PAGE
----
Lleyton Hewitt. (Photo by Mark Kolbe/Getty Images)
Lleyton Hewitt. (Photo by Mark Kolbe/Getty Images)

Hewitt whacked over Tomic presser

Lleyton Hewitt went just as hard at Bernard Tomic as the controversial star went at him in two press conferences that have rocked the Australian Open. And not everyone is happy about it.

Hewitt had been backed into a corner by the world number 88 when he levelled serious accusations of bias and misconduct at the Davis Cup captain after bowing out of the opening grand slam of the year in the first round.

Hewitt, 37, faced calls from the tennis media to respond - and after an underwhelming interview with host broadcaster Channel 9 - finally fronted the press pack, albeit after being eliminated from the doubles competition on Thursday.

Seated beside playing partner John-Patrick Smith, Hewitt savagely returned serve at Tomic, revealing the personal abuse he'd experienced at the hands of the Queenslander, which included allegations of physical threats and blackmail.

Hewitt's claims, which also included alleged threats against his family, including wife Bec, dominated the headlines on a day the number of Australians who qualified for the third round grew to five with upset wins by wildcards Alex Bolt and Alexei Popyrin.

And not everyone was happy at Hewitt's spotlight-stealing interview, including his former coach Roger Rasheed.

"I wouldn't have said a word," Rasheed told SEN SA on Friday morning. "We want that stuff to be played out behind closed doors. We should be celebrating what's on the court. Tennis Australia will need to deal with all this."


Channel 9 broadcaster Tony Jones also delivered a frustrated rant on Today, which was mainly directed at Tomic for creating the firestorm but also didn't miss Hewitt.

"I can't believe we are sitting here on a morning when we should be celebrating the fact that five Aussies are through to the third round and talking about things like that," Jones said.

"To me, it is very, very sad when you have people like Rod Laver, who the main stadium is named after sitting court side most days, you have got ornaments like Evonne Goolagong-Cawley, who was just class personified when she played, and yet we have this wave of tennis players who are fortunately on the way out.

"I am not having a go at Lleyton Hewitt per se, by the way, I am having a go at the Bernard Tomics of this world. Bernard, pack your bags and go away. Really, you are a blot on the Australian sporting landscape and the more this is played out, the more Tennis Australia needs to intervene and say, 'Enough is enough'.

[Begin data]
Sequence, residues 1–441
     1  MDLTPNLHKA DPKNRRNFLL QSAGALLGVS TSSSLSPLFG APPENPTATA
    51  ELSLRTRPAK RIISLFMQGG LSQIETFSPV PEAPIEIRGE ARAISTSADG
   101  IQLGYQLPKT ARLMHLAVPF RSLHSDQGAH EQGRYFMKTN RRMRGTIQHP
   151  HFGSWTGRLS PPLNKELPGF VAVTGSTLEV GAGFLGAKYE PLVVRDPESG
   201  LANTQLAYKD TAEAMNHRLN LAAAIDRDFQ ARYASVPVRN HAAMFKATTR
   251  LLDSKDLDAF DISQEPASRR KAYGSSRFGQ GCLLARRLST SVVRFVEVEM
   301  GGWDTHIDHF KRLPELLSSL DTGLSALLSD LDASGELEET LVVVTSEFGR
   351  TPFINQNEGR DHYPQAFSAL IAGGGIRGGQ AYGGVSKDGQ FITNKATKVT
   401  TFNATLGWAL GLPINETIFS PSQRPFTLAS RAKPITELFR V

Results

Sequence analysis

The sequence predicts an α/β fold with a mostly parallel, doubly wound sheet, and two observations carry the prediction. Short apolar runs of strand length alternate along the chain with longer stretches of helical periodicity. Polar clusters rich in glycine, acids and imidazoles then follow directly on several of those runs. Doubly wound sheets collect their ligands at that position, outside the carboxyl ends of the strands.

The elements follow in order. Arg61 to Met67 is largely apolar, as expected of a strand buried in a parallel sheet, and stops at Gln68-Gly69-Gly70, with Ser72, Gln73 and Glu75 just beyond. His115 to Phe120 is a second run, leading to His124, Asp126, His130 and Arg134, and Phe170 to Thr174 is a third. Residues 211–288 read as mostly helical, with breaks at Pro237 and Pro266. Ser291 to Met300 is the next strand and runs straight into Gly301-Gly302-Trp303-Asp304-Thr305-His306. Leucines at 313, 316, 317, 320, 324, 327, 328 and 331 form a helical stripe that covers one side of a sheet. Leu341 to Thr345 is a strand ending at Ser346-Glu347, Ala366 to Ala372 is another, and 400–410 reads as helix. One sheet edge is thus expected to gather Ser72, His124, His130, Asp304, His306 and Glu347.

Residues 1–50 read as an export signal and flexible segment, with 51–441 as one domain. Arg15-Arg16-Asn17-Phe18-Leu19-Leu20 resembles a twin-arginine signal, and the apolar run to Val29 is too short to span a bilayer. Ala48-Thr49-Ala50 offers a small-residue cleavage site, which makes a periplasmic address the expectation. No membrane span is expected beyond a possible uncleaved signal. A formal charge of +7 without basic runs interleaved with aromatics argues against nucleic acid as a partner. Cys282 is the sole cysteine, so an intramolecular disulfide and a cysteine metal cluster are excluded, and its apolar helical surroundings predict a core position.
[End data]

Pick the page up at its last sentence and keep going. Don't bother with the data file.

"I know we (Channel 9) are a corporate partner, (but) Tennis Australia is sitting on its hands and it needs to do something now. Like today."

"You call them together and say, 'Enough is enough'," Jones added. "They've got to call them in and say 'enough is enough, Lleyton, don't do that'.

"In a way Tennis Australia is its own worst enemy for allowing Bernard Tomic to get away with what he got away with early in the piece. They should have cracked down on it instead of being a toothless tiger and cowtailing it.

"I know Tennis Australia won't like that. Nor will some of my bosses, but the simple fact is they have to do something so we don't have the De Minaurs of this world and the Bolts of this world becoming the petulant brats some of these others have become."

Tomic, a Wimbledon quarterfinalist in 2011, followed his first-round loss at the Australian Open by saying Hewitt should quit as Davis Cup captain because he favours certain players and is unpopular with others.

Hewitt, a two-time major winner, said their conflict originated more than a year ago with disagreements over whether he should grant Tomic wildcard invitations for tournaments.

Hewitt said he won't allow Tomic to represent Australia in the Davis Cup "while I have anything to do with it."

"For me, it was probably the abuse that I caught from him that, yeah, in the end I drew a line in the sand," Hewitt said, adding that there was little chance of reconciliation.

"No. No. I think the threats that I've received, for me and my family ... I don't think anyone would reach out to a person that speaks like that."

Hewitt didn't go into specifics about the alleged threats, except to say it revolved around wildcards and Davis Cup selection and that he didn't feel personally threatened.

Asked if the threats were physical or verbal, Hewitt said it was both. Asked if he felt the threats were empty, Hewitt replies "Yes."

Hewitt won the US Open in 2001, Wimbledon in 2002 and helped Australia win Davis Cup titles in 1999 and 2003. He became Davis Cup captain in 2016, soon after retiring from singles.

He said he'd tried to establish "cultural standards" for players representing Australia, and Tomic "hasn't really been close to those in the last couple of years."

"The biggest frustration is I feel like I really went out of my way to help Bernie ... spent a lot of time with him one-on-one at a lot of tournaments," Hewitt said. "Tried to get a coaching structure around him to give him the best opportunity. He still kept making the wrong mistakes."

The current friction in Australian men's tennis contrasts with the gentility of past stars like Rod Laver and Ken Rosewall and more recently, the likes of Pat Rafter overruling line calls and giving points to his opponents long before video replays existed.

Australian men's tennis is now marked by social media rants and embarrassing on-court comments. And, to make matters worse, few decent results from the senior players.

- with AP